Incorporated on May 6, 1901, Northampton was originally named the “Borough of Alliance” in reference to its unification of several smaller communities and hamlets, the two largest of which were Northampton and Siegfried in eastern Allen Township.

But while the name had symbolic meaning, “Alliance” never gained popular support.  Instead, the post offices in Northampton and Siegfried continued to use their respective names, while the area’s passenger and freight trains did the same.  Adding to the problems was the fact that another prominent community in Pennsylvania was already named Alliance, thereby causing confusion throughout the state.

Realizing that a change was necessary, community and business leaders, including representatives from the Atlas Portland Cement Company, which had been operating in the borough since 1895, petitioned to adopt a new name.  Atlas favored uniting under Northampton because the majority of the company’s printed materials, including the reusable cloth bags in which the cement was shipped, already bore the words “Northampton, PA” and changing to anything else would be extremely costly.  Spurred on by the cement company, the borough officially changed its name on April 12, 1909.

Atlas’s role in helping determine the borough’s identity was fitting, since for the majority of citizens the production of cement was an integral part of life.  Much of Northampton’s population was composed of European immigrants who came to the borough during the late 19th and early 20th Centuries in search of work.  Atlas, as well as other local cement companies such as the Lawrence Portland and Dragon Cement Company, provided plentiful jobs.  While men operated the plants’ quarries, crushers, pulverizers, kilns and finish mills, women often found work either in the company offices or in the bag factory sewing the 94-lbs bags that held the cement.  For the better part of the 20th Century, nearly every person in Northampton could trace some kind of personal connection to the cement industry.

By the early 1930s Northampton had earned a reputation as a global center of cement production, while the Atlas Cement Company held the distinction of being the largest cement mill complex in the entire world.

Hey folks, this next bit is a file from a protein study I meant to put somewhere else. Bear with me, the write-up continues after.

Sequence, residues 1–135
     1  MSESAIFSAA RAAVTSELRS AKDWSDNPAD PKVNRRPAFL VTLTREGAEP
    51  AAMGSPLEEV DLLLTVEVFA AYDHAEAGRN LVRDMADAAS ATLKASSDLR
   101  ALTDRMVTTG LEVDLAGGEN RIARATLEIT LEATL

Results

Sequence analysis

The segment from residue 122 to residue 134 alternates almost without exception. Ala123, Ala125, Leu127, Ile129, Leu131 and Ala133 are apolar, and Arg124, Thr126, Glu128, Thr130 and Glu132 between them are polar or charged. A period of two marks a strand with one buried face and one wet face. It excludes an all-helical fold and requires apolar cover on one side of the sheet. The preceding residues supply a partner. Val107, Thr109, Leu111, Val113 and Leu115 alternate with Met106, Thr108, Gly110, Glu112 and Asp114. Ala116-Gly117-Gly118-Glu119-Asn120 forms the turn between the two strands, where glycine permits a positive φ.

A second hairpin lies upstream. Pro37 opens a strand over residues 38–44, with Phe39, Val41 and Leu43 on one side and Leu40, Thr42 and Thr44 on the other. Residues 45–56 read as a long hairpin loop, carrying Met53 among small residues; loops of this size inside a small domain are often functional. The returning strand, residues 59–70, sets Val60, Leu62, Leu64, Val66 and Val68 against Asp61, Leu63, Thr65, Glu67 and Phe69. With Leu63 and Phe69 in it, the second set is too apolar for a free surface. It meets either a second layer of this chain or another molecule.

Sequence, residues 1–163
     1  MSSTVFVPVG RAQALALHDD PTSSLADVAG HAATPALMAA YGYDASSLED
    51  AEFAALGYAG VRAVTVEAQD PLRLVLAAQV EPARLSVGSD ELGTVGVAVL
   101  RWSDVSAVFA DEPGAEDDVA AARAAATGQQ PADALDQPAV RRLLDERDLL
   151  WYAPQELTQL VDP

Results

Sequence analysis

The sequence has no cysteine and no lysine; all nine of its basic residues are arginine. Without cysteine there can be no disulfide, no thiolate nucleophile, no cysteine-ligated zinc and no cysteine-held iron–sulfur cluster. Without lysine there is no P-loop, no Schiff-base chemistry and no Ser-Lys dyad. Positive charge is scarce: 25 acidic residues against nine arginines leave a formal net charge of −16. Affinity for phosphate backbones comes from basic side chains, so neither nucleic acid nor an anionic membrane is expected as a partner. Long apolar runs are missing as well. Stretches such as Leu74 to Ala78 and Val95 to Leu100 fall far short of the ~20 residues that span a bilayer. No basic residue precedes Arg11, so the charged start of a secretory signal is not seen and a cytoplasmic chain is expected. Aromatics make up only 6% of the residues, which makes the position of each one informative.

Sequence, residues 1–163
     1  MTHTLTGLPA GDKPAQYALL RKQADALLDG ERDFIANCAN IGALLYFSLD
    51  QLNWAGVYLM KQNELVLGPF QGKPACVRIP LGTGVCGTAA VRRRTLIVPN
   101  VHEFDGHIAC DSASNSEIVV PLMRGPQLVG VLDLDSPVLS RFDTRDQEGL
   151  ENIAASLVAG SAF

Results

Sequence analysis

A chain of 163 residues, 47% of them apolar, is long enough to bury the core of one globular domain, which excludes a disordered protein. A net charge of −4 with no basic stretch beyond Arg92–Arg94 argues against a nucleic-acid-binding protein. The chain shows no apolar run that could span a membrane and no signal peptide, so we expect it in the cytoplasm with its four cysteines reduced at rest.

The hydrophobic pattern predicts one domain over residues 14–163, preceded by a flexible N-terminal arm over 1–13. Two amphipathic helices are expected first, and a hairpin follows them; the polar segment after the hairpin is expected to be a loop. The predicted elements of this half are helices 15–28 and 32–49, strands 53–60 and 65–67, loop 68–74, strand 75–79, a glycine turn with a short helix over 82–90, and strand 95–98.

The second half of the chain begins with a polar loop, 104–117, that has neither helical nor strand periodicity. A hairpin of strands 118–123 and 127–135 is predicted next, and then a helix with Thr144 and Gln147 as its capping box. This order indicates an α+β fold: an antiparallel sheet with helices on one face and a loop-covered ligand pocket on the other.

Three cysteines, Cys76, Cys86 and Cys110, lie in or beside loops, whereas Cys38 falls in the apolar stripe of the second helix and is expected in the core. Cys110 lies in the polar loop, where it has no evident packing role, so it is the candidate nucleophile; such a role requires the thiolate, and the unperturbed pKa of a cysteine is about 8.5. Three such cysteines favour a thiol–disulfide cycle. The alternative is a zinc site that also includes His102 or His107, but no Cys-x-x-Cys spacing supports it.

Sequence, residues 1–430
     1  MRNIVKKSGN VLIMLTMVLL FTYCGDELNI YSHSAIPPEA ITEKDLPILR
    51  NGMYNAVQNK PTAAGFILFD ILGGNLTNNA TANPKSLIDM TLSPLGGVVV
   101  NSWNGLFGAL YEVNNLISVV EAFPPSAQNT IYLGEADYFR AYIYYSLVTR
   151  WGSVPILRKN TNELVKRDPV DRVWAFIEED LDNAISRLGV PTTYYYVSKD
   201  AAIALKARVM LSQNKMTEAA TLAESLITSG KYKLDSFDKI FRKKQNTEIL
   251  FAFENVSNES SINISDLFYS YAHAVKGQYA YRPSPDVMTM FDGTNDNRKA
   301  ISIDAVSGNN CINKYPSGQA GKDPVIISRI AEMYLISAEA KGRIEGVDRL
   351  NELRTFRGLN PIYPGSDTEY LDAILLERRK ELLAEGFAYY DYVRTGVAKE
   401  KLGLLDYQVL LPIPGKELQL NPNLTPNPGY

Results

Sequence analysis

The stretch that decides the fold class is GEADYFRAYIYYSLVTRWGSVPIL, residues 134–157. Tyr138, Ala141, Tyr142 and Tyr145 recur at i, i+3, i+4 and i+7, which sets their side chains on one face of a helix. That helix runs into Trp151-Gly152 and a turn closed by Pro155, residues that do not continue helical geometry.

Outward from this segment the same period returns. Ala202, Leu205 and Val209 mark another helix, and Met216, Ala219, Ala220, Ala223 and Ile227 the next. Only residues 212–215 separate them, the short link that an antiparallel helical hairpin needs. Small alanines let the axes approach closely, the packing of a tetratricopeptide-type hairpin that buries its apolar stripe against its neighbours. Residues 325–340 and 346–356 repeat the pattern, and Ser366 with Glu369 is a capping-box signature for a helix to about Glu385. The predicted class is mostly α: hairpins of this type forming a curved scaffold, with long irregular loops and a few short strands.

Throughout the 1910s and 20s, cement produced in Northampton was shipped to sites across America for use in some of the nation’s most iconic structures.  The Hoover Dam, the Empire State Building, Rockefeller Center and the Holland Tunnel were all built with Atlas Cement.  The company’s largest project, however, was the Panama Canal, which used an astonishing eight million barrels (at 376-lbs per barrel).  By the early 1930s Northampton had earned a reputation as a global center of cement production, while the Atlas Cement Company (now the Universal Atlas Cement Company, following a merger with Universal Cement) held the distinction of being the largest cement mill complex in the entire world – operating around the clock and employing approximately 5,000 people.

While the cement industry boomed, Northampton grew along with it.  A trolley system was introduced to shuttle residents to and from work as well as to the borough’s blossoming downtown. Main Street and Laubach Avenue, two of the most prominent streets in the borough, were soon home to countless retail stores, restaurants and theaters.  In 1939, when the borough’s new post office was built on the corner of Washington and 17th Streets, it became the first post office in the United States to be constructed out of concrete.

But while the borough expanded, its identity as a cement town always remained at the forefront. Northampton’s weekly newspaper was known as The Cement News, while the local bank bore the name Cement National Bank.  Even Northampton High School’s athletic teams adopted the moniker “Konkrete Kids” to pay homage both to the industry and to the populace’s immigrant roots (“konkrete” taken from the German word “konkret”).

In August of 1982, after decades of declining profits, the Universal Atlas Cement Company closed its doors, finally succumbing to the economic pressures of competing against less expensive foreign-produced cement.  Today, although most of the Atlas complex has been demolished, much of the land has been repurposed for use as public community areas.  The Northampton Recreation Center now occupies a stretch of former Atlas land near Lerchenmiller Drive, while Northampton’s Middle School and High School (who still use the name Konkrete Kids) were built on the former site of Atlas’ Plant No. 4 (the largest in the complex).

visit history:


(1401 Laubach Avenue, Northampton): The museum houses a unique collection of artifacts, photographs and film related to the one-time cement giant.  Many of the artifacts were donated by residents of Northampton out of their own personal collections.  Open the second and fourth Sundays of the month from May through September, and by appointment during the offseason. Call 610.262.2576 for more details.

Wilson Blockhouse

(Northampton Borough Community Park, Laubach Avenue) – Constructed in 1756 by Hugh Wilson, one of the earliest European settlers to arrive in Northampton Borough, the Wilson Blockhouse is a small stone fort used for protection during attacks by Native Americans.  Wilson, who purchased his land from William Allen in August of 1739, reportedly built the fort at the urging of Benjamin Franklin.  In 1984 the blockhouse was moved from its original location to the borough park.

The Roxy Movie Theater

(2004 Main Street, Northampton) – Originally opened as the Lyric in 1921, the theater was sold in the spring of 1933, renovated into the popular art deco style, and reopened as the Roxy. Today, the Roxy remains a stunning example of art deco and continues to be Northampton’s only commercial theater.  Visit their website for current show times (

Photo by TJ Burger 

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